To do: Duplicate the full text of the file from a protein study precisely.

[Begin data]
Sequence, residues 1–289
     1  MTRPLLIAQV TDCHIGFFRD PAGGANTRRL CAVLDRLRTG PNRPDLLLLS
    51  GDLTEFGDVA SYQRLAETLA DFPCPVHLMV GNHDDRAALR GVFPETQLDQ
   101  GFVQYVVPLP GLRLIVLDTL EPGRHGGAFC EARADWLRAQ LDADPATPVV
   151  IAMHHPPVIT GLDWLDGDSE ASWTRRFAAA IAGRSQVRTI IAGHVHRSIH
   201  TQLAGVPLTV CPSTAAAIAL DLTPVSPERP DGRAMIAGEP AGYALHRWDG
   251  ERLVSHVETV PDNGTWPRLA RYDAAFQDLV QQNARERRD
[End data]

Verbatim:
Sequence, residues 1–289
     1  MTRPLLIAQV TDCHIGFFRD PAGGANTRRL CAVLDRLRTG PNRPDLLLLS
    51  GDLTEFGDVA SYQRLAETLA DFPCPVHLMV GNHDDRAALR GVFPETQLDQ
   101  GFVQYVVPLP GLRLIVLDTL EPGRHGGAFC EARADWLRAQ LDADPATPVV
   151  IAMHHPPVIT GLDWLDGDSE ASWTRRFAAA IAGRSQVRTI IAGHVHRSIH
   201  TQLAGVPLTV CPSTAAAIAL DLTPVSPERP DGRAMIAGEP AGYALHRWDG
   251  ERLVSHVETV PDNGTWPRLA RYDAAFQDLV QQNARERRD